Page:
My "life" had been whispering to me throughout my childhood and adolescence. It said, "Be very, very careful. Don't allow yourself to get angry--like you want to." And for the most part, I listened.

But as an adult, I began to forget the message; and as I threw off the insecurity and lack of self-confidence that plagued me as a kid, I grew less cautious, and I began to make serious mistakes.

As the stress of work, physical maladies, and an inability to sleep regularly and sufficiently accumulated, the anger, long suppressed, would rise to the surface and make itself known, again and again.

Always, I immediately recovered. Once expressed, the anger subsided--because it had very little to do with the immediate situation anyway. I am totally forgiving of others' behavior, after the fact of it.

[Not that others are innocent pawns in the foibled life I've led. They were/are not at all responsible for my behavior. Yet they have problems of their own for which they must take responsibility.]

But where have I been? I'm experiencing all of these returned memories that I'd forgotten all about, stimulated by working in the gardens, but predicated upon my renewed consumption of coffee and beer.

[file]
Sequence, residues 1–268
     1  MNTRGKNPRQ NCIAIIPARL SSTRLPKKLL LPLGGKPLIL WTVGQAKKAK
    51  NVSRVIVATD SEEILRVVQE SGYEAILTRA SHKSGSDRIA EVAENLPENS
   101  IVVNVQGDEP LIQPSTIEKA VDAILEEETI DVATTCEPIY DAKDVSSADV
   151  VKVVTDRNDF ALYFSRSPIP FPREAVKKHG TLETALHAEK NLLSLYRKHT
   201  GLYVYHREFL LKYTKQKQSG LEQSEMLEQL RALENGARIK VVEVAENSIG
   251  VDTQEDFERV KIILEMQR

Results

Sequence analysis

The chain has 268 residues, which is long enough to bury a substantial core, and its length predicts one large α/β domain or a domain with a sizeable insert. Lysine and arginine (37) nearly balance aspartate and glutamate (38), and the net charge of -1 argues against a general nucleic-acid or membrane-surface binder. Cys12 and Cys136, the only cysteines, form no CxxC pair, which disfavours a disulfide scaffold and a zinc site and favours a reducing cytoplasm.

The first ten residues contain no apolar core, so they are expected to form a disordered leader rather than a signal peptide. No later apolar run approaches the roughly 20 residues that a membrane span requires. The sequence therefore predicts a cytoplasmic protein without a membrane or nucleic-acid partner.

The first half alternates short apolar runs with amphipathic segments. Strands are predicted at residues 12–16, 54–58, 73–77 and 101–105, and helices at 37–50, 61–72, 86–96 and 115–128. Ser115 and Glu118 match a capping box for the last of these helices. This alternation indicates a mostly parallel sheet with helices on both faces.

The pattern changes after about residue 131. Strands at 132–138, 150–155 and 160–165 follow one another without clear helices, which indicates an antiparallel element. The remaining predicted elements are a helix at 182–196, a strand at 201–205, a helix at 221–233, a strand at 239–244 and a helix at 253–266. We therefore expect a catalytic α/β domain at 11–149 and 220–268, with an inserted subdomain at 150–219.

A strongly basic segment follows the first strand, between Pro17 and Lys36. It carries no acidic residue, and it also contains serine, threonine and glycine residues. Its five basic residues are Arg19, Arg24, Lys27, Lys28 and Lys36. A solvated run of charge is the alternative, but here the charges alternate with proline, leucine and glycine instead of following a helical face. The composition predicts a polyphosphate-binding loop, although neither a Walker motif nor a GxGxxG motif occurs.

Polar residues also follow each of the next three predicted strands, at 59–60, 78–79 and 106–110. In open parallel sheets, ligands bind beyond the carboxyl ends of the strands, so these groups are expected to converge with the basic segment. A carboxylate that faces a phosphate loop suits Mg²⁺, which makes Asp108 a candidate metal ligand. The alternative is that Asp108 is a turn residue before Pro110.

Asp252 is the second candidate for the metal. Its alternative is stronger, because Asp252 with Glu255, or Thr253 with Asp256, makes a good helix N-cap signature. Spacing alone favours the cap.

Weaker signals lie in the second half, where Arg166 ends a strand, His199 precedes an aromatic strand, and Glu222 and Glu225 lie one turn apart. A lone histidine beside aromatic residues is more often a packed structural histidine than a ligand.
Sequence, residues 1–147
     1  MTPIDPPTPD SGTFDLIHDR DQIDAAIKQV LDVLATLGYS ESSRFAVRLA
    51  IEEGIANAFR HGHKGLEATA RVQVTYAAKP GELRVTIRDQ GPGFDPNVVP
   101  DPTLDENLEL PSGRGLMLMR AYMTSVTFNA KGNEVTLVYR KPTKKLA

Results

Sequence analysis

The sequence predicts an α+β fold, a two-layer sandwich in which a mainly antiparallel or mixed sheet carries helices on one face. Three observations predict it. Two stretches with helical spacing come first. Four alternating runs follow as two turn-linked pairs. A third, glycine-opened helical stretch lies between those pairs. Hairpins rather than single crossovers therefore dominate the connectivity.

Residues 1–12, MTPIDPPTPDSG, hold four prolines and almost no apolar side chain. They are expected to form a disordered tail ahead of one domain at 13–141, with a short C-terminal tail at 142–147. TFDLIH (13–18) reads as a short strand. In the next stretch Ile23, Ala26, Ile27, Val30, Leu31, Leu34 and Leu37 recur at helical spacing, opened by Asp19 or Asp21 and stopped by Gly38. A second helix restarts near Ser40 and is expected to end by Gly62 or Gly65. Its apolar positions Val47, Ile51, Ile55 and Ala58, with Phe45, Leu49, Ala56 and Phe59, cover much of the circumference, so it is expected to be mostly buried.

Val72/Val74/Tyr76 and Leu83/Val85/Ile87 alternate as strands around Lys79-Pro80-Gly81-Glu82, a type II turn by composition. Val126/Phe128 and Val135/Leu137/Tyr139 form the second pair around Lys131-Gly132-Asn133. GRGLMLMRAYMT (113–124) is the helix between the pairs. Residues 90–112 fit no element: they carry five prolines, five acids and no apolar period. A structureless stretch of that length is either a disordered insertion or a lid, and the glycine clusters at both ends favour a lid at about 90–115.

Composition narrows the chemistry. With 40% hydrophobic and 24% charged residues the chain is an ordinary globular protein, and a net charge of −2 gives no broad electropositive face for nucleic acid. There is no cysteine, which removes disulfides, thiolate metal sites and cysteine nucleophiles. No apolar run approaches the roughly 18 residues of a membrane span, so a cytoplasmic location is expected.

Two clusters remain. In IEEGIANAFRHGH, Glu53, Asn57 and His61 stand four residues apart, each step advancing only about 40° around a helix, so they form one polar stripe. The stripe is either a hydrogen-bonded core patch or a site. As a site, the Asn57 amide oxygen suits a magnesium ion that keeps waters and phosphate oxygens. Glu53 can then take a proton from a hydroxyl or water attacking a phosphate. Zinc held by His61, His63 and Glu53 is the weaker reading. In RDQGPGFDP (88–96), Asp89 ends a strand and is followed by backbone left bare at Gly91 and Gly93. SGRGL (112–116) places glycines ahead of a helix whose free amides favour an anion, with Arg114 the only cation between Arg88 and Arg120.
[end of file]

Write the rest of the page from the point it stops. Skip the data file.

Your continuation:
I went into a body chemistry daze years ago when, for what I thought were health reasons, I stopped drinking them. But I didn't consider my mental health, which depended on this tame form of self-medication.

Gardening, like writing, is a lifestyle. I used to garden all the time. Can I manage two lifestyles? One is more than enough. You have to dedicate yourself to each. Meanwhile, I wait for responses that never come.

I send out e-mails and no one answers. I do other things. And then I (might) decide to act independently, without input, advice, and/or assistance--which will sometimes disconcert others, that I did not wait for them.

I tried. I waited. What more do you want? You're the ones who failed me. You set me up to act without you. This is a major theme in my life: I want people's help; I request it, it doesn't come; I act alone. They become upset.